Thailand’s green gold rush

Thailand beats U.S. to end prohibition of cannabis, decriminalize sale and cultivation, and expunge cannabis convictions

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Graffiti street art spray drawing on stencil. Cannabis leaf symbol on brick wall with flag Thailand
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It was hot and humid, like most June afternoons in Buriram, Thailand. A crowd of over a hundred had gathered in the northern province for a small fair and exhibition, presided over by the nation’s health minister, Anutin Charnvirakul—who was handing out seedling cannabis plants with a big smile. 

Charnvirakul, who has largely spearheaded the Thai government’s decriminalization movement, gave out 100 free cannabis plants to Thai citizens that day, and the government plans on giving out 1 million more over the next six months. At the beginning of 2022, Thailand announced that it would be decriminalizing cannabis this year, clearing a pathway for home cultivation and entrepreneurship. 

“It is an opportunity for people and the state to earn income from marijuana and hemp,” Charnvirakul wrote in a social media post. “Anyone can sell it if they obey the law.” 

While recreational sales have yet to be officially legalized, this broad-scale decriminalization is the first step in a new era for the Land of Smiles. An era that will see Thailand’s opportunity and tourism revenue skyrocket. And an era that represents a second chance for thousands of people currently serving time in Thailand’s jails.

Cannabis isn’t new to the Thai people or culture. It’s been part of their traditional medicine and cooking for centuries, and was only made illegal in 1935. Since then, though, the Thai government has remained fairly strict about it: If a person was caught smoking cannabis in public, they’d be handed a three-month jail sentence and a $700 (USD) fine. 

However, in 2018 the nation legalized medicinal cannabis. And the levee of prohibition started to show some cracks. 

“​​This is a New Year’s gift from the National Legislative Assembly to the government and the Thai people,” Somchai Sawangkarn, chairman of the drafting committee, said at the 2018 announcement of Thailand’s medicinal cannabis policy. 

Then, in January, the Thai government’s narcotics board officially announced that the plant was coming off the prohibited drugs list sometime in 2022; people would be allowed to cultivate it at home. And just six months later they followed through, becoming the first Asian country to decriminalize cannabis—beating the U.S. across that finish line as well.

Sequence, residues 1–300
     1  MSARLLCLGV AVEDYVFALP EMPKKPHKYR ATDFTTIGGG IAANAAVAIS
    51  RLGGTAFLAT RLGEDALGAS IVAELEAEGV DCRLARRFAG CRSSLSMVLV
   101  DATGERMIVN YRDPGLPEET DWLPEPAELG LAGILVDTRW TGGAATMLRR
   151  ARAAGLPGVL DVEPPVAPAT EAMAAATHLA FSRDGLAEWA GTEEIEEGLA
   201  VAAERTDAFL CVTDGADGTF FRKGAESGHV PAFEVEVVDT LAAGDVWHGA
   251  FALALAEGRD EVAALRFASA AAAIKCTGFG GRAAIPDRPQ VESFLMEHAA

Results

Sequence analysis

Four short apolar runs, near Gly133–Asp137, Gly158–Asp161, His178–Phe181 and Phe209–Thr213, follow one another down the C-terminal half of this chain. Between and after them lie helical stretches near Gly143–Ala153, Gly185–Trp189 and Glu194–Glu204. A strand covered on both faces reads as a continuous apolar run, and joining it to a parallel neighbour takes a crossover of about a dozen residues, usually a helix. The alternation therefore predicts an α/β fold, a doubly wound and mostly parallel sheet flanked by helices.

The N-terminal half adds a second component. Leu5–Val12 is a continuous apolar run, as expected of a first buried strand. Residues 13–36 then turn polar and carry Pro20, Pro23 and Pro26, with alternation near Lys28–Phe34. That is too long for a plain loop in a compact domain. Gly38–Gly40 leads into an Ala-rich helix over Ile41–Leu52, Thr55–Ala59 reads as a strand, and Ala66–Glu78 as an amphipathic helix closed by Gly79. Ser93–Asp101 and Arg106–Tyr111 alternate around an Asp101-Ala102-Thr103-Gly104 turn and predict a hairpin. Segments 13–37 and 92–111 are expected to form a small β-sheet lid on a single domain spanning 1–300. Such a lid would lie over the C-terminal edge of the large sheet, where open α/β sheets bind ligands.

Under Thailand’s law, Thai citizens can grow up to six plants per-household (which can be sold to hospitals, research facilities or used in food or cosmetics). To produce more than that, a cultivation permit from the government will be required; and any cannabis businesses have to be licensed by the state. Charnvirakul told the Bangkok Post that over 700,000 applications for cannabis permits and licenses have already been submitted. 

“That exceeds the target,” he said. And it indicates how eager the Thai people are to start tapping into this new revenue stream. 

To date (10 years into recreational legalization), cannabis has made almost $13 billion dollars in Colorado alone. Just last year, the state raked in $423 million in tax and fee revenue. And every year, recreational legalization attracts millions of visitors from other states.

Thailand could soon see similar explosions of wealth and tourism traffic as it capitalizes on what many have called a “green gold rush.”

Jonathan Caulkins is an American drug policy researcher who has produced several cannabis reports for the RAND corporation looking at how legalization affects state economies and social welfare. He likens the revenue legal states make off of cannabis tourism to that of casinos in the ’80s.

“Nevada had casinos then, and it was only Nevada,” he says. “And in those years you had tourists from other states coming in spending their money there.”

He also points out that when a legal state borders a densely populated prohibition state, it generates significantly more revenue, as people cross state lines to make their purchases. That applies to countries too. 

“Thailand could draw tourists from [prohibition nations] as a place to get away from [their] own country’s rules, to indulge,” Caulkins says. Australians, New Zealanders, South Africans, and Chinese all travel to Thailand in droves throughout the year, and all come from countries with standing cannabis prohibitions. 

While the revenue possibilities will soon make a huge difference in Thailand, the expungement aspect of this policy will immediately benefit people suffering in the county. With this announcement, some 4,000 prisoners currently serving jail-time for cannabis offenses will not only be released, but their records will be wiped clean. It’s a progressive step for a county that only recently started breaking down cannabis prohibition, and one that the U.S. could surely learn from. According to the ACLU, 40,000 Americans are currently behind bars for cannabis crimes, even though it’s been fully legalized in 19 states. 

Thailand has yet to set forth a comprehensive law for regulating recreational cannabis, now that it’s been decriminalized. But business owners are already taking steps to position themselves for when their parliament does. One business owner who has already started selling cannabis flowers at her shop, alongside her terpene-infused gummies, told ABC News she knows tighter regulations are coming. But for now, cannabis has “become as free as garlic [and] as chili.” 

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Email the author at wbrendza@boulderweekly.com

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